In the Spotlight feature kicked off in April 2015 and is an opportunity for authors, editors and publishers (basically anyone in the book industry (yes, even bloggers!)) to connect with fans. There is an option to do an interview, guest post, feature a book sale or book release or a cover reveal. Best of all, it’s free! All you need to do is click on the image to reserve your spot!
Now on with the show!
In the Spotlight with Jennifer Lesher
Welcome to Second Run Reviews, Jennifer! Thank you for being In the Spotlight. I appreciate you stopping by and answering a few questions. So let’s get things started
In a tweet (140 characters or less), tell us a bit about yourself.
Novelist. Airplane mechanic. Ex desk rat. Graduate: school of hard knocks. I find beauty in the difficult spaces. I really like airplanes.
I’m glad someone likes airplanes. After two disasterous back-to-back business trips, I am not a fan of airplanes or airports. I was my worst experience to date and normally I love flying.
Please tell a bit about your journey to becoming a published author. What’s been the best things about it and the worst?
I have wanted to write fiction for a living for most of my adult life. After letting life get in the way for too many years, I started participating in NaNoWriMo, where I learned to turn off my internal editor and just get the words onto the page. My NaNo efforts led to the draft that eventually became Raising John. I was very passionate about this project and was encouraged by many friends to seek publication, which led me where I am today, published by Booktrope imprints and working on my next novel, a sequel to Raising John.
The best part is realizing that I can actually do this – I can sit down and write, and produce an actual novel, with character, a plot, the works!
The worst part is … well, there’s no really bad part, but getting the word out about the book and finding ways to market effectively is an ongoing challenge.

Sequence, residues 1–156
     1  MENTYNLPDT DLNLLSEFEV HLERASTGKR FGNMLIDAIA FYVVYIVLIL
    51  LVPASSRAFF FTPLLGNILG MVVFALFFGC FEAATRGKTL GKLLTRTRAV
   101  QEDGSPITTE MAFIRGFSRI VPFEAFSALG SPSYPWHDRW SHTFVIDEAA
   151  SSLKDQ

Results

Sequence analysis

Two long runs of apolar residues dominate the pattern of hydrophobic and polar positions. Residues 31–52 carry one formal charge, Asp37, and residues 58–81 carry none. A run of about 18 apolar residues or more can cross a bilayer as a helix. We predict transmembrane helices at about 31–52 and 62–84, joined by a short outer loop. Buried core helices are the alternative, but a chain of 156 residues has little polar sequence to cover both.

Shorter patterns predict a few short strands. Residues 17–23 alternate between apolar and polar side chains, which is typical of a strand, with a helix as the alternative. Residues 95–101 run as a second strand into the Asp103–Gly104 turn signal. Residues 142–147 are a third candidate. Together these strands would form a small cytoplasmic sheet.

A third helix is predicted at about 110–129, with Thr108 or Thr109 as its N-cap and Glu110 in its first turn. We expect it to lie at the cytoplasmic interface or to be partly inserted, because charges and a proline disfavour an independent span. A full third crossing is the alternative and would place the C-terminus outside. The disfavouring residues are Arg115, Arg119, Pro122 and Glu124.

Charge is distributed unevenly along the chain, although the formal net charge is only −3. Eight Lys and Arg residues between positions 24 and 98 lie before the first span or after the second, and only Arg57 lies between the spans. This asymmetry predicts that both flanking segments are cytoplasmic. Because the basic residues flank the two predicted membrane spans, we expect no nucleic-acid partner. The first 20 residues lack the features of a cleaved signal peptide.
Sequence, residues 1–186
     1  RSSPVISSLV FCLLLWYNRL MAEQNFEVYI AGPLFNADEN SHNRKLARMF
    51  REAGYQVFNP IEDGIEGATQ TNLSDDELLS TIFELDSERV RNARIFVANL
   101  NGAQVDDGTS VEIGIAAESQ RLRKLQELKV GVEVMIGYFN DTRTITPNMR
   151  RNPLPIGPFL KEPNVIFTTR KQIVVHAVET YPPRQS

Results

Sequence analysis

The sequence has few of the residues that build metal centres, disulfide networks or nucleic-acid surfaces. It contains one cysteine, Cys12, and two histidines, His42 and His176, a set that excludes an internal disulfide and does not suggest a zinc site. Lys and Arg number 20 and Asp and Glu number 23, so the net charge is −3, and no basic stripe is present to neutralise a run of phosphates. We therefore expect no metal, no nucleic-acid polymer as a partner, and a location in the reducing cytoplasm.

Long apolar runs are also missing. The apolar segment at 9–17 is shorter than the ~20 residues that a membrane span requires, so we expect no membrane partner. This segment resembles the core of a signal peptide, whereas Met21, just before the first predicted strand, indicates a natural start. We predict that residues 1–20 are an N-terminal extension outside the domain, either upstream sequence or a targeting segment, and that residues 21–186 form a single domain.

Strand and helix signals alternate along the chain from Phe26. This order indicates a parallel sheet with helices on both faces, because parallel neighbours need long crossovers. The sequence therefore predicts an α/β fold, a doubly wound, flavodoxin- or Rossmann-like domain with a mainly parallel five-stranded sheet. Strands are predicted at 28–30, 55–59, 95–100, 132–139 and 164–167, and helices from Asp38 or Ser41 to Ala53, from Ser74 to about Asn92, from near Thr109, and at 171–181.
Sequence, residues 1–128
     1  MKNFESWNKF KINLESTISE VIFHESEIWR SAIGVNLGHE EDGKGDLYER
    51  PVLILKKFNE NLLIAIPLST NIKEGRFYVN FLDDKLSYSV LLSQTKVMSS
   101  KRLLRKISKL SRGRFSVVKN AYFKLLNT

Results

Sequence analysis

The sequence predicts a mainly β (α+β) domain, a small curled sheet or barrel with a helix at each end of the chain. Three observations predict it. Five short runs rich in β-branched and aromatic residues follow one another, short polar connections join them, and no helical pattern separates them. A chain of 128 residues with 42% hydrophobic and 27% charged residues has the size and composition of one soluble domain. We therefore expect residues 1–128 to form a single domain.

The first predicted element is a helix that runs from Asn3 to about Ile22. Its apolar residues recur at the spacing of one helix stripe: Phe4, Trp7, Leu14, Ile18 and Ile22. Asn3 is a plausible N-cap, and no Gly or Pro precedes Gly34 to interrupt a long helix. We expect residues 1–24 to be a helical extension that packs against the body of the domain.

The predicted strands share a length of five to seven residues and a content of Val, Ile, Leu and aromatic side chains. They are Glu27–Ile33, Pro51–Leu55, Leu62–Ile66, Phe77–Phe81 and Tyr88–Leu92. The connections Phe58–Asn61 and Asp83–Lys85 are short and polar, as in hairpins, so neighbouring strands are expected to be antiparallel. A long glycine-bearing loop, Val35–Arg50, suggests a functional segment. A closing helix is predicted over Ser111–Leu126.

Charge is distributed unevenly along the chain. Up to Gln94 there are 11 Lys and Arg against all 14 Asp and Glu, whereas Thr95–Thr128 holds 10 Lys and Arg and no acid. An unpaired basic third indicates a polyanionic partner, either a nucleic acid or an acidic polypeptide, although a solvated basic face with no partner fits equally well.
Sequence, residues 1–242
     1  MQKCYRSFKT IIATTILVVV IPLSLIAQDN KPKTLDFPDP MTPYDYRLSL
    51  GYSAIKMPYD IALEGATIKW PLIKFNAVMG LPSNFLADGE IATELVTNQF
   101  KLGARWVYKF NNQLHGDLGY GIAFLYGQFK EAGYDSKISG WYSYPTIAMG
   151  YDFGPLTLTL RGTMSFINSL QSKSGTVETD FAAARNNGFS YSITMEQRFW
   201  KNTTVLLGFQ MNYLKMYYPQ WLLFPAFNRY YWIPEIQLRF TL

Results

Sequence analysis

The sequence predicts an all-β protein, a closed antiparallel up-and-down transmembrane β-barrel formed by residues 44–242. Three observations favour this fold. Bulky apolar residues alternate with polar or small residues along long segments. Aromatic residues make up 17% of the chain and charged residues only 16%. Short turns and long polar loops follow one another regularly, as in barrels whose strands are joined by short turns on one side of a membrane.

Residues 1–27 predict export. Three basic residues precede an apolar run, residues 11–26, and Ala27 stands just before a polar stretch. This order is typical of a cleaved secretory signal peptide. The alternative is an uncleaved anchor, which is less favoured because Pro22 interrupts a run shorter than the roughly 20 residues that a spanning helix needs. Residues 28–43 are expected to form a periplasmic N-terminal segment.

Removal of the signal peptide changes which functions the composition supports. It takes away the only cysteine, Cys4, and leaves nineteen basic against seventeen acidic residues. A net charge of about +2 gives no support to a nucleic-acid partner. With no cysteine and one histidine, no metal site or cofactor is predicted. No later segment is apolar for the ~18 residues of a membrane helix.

NaNoWriMo is a great motivator for many people. I’ve heard of authors finishing a draft during November. I tried to participate this past year as a blogger. My goal was to write one post a day. Then I got sick. I’m hoping to make that goal this year.
Tell us a bit about your latest release. What inspired you to write it? Why should fans of Second Run Reviews consider reading it.
Raising John is about a very privileged middle-aged man who causes a drunk driving accident that kills a young single mother and orphans her only child. It asks the question: “how do you go on living when you have done the unforgivable?” It explores the long term effects of his behavior on everyone around him, and chronicles his redemption as the tragedy finally forces him to examine the way he has been living.
I grew up with an alcoholic father, who was never interested in any sort of recovery. He had a bad habit of driving drunk, despite efforts to get him off the road. As an adult, I found myself wondering…what if? That was the germ of the story and it just continued from there.
It’s a gripping story that will have you feeling for all of the characters as they confront tragedy. But, it’s not a nihilistic story. It’s a story about redemption and how people come to see what really matters in life.